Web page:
Jaimee Harris is poised to become the next queen of Americana-Folk, a slightly edgier Emmylou Harris for the younger generation.
Her debut album, Red Rescue, draws comparisons to Patty Griffin, Lucinda Williams, and Kathleen Edwards – all writers who know how to craft a heartbreakingly beautiful song with just enough grit to keep you enthralled. Harris writes about the basic human experience, in a way that is simple, poetic, and often painfully relatable.
“You keep comin’ over… I keep goin’ under…“
Harris isn’t afraid to get personal, but her vulnerability never veers into the self-indulgent. Each little confessional gem she puts out there is something the listener will connect to; these are things we’ve all felt, though many of us are less than likely to admit them.
“In a depressive state… how long will I feel this way?”
Harris’s songs have a depth to them, and her lyrics betray a wisdom beyond her years. “I write as a way of dealing with things,” she says. “There’s also a lot of acknowledging my own faults.
“These songs feel pretty vulnerable… to the point where I wonder if people are going to ask me ‘Are you okay?’ But I really just hope they see a little bit of themselves in the songs and find something they can connect to.”
Jaimee grew up in Waco, TX, a child to young parents, high school sweethearts. When she was five years old, her father noticed that she had taken an interest in music, and got her a guitar for Christmas. Soon after, she discovered Emmylou Harris and Fleetwood Mac, and before long, the kid was hooked. Harris’ father took her down to Austin for the first ever Austin City Limits Festival, and there she saw Emmylou, Buddy & Julie Miller, and Patty Griffin all perform live.
Her father had only brought enough extra money to pay for a hotel in Austin that evening, but when he saw how much Jaimee wanted those CDs in the merch tent, he ponied up the cash and drove all the way back to Waco late that night.
Harris grew up, as kids do, and moved to Austin in 2009. She intended to throw herself into the local music scene, playing shows and singing songs late into the night at friend’s houses, but she fell into a hard-partying crowd, and soon enough, things started to fall apart.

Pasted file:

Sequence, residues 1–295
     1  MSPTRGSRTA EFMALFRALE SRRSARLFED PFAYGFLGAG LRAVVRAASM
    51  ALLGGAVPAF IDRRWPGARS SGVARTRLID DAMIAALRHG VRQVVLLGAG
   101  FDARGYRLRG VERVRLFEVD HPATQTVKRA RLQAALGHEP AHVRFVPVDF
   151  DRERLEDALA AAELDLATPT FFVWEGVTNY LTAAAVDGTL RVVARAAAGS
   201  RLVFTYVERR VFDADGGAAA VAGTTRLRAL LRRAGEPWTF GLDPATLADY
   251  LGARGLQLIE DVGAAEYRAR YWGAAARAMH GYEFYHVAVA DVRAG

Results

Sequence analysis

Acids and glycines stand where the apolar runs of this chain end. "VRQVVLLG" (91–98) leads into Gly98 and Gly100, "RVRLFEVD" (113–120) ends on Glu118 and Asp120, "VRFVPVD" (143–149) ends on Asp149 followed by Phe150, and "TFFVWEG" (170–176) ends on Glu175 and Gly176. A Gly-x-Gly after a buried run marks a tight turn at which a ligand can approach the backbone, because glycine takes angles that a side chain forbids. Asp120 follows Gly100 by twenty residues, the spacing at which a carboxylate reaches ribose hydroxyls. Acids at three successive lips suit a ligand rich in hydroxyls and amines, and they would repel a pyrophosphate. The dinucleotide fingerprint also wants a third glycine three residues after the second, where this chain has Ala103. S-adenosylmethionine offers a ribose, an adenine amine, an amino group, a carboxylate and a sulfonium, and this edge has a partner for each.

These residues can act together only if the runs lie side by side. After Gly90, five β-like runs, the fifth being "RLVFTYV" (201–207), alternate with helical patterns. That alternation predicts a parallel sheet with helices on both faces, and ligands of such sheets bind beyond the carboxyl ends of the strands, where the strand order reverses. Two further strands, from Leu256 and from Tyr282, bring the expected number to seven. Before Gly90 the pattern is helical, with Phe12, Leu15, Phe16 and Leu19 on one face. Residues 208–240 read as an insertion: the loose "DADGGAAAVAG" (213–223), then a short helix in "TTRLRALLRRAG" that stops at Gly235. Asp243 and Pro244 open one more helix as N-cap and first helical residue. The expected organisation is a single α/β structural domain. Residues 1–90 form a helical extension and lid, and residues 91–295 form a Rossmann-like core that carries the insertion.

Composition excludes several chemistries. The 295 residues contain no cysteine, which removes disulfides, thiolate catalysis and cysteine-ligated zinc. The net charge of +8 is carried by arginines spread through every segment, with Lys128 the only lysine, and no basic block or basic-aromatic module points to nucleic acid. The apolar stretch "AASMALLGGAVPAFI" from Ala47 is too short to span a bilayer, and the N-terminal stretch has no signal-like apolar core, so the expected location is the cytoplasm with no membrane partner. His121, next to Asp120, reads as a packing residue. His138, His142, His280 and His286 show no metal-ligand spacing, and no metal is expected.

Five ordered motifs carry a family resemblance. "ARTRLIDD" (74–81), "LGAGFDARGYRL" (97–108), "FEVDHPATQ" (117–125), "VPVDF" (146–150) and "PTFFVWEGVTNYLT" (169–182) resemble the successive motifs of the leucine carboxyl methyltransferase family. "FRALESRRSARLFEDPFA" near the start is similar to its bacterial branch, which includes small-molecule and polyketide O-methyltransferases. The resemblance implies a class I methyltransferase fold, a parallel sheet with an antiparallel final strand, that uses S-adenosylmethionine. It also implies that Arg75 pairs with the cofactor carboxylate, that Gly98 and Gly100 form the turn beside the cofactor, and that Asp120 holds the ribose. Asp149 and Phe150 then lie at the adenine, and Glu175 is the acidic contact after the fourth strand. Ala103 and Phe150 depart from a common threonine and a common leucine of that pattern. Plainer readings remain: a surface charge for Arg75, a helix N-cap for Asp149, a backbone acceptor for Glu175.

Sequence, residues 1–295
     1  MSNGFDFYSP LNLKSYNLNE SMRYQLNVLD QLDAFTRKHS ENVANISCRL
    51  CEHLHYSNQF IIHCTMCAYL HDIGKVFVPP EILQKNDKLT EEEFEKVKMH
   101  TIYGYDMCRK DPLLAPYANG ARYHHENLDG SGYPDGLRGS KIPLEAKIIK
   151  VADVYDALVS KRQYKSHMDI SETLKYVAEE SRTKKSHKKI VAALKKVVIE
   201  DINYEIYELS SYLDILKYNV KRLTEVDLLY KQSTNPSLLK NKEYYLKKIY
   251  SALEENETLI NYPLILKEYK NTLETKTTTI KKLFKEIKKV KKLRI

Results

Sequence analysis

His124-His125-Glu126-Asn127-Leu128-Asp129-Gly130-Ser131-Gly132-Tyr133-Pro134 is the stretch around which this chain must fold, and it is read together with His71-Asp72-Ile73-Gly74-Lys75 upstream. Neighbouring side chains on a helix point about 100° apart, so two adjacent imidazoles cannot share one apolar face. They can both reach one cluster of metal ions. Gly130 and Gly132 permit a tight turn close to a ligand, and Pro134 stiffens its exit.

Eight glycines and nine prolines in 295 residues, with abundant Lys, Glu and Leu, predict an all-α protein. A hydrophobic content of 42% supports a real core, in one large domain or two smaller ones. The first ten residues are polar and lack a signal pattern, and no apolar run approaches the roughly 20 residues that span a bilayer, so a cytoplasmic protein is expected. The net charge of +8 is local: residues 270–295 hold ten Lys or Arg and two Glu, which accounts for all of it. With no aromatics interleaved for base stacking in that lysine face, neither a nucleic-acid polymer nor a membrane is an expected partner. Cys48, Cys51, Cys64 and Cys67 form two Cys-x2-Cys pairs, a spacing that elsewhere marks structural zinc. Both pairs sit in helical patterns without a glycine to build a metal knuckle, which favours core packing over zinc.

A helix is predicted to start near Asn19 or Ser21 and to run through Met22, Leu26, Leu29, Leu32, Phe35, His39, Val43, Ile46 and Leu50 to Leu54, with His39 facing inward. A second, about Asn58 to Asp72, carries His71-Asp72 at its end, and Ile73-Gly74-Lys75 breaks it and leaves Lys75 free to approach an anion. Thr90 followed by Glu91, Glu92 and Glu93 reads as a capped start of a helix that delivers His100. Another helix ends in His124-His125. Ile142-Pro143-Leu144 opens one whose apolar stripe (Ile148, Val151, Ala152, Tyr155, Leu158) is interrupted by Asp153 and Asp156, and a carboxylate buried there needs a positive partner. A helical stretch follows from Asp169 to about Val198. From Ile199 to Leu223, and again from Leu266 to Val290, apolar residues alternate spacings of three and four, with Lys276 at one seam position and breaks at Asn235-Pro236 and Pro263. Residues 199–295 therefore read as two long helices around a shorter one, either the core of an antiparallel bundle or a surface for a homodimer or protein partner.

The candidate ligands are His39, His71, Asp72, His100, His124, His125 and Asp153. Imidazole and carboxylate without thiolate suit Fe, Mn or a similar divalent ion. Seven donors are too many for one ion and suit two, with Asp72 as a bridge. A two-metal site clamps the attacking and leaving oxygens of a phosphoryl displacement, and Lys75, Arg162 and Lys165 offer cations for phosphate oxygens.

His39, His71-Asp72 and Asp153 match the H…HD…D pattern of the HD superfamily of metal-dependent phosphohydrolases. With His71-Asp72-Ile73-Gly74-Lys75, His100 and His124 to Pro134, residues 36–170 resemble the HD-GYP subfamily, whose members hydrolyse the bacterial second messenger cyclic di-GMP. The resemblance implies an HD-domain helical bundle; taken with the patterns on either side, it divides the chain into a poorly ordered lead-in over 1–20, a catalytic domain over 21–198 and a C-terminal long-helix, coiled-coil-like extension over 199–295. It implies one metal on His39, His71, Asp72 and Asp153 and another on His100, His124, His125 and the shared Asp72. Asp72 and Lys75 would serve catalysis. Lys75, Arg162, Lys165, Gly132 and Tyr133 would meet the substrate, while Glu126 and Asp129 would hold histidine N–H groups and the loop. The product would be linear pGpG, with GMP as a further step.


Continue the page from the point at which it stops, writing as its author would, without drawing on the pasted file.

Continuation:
“After I got arrested for the second time, I knew I needed to get sober,” says Harris. “By that point, I knew I was really on my own… everyone close to me had stopped enabling me. I knew I had to get myself together in order to stand on my own feet.”
Once she was able to clean up her act, Harris says, everything just seemed easier. That’s when she began writing the songs that would make up her debut record, including Snow White Knuckles which chronicles her path to sobriety. It’s also when she started meeting the musicians who would soon join her live band, and the artists, including people like BettySoo and Jimmy LaFave, who would be become her creative mentors.
“I am especially impressed with some of the new songwriters that have hit town in the last few years, like my new favorite Jaimee Harris,” commented LaFave. And he’s not the only one who was impressed. Peter Blackstock of the Austin-American Statesman has called Harris “one of Austin’s most promising young singer-songwriters.” And all this before she even released her first record.
Harris’s talent is undeniable. But what sets her apart more than anything is her admittedly obsessive love of music. “Jaimee is, deep down, a true music fan; she is passionate about consuming as much great music as she can,” says BettySoo. “Jaimee is known among our circle of friends for attending more shows than seems humanly possible, and she’s not doing it out of FOMO or to be ‘seen on the scene.‘ She goes because she’s a fan.”
“Music is my whole life,” says Harris, “If I’m not writing or playing, I’m going to see a band, or reading a book about Woody Guthrie. I live in a city where I can walk in and see an amazing show like James McMurtry practically for free, every week. I only made it through one semester of college, but being around these amazing songwriters here in Austin… It’s like getting an education.”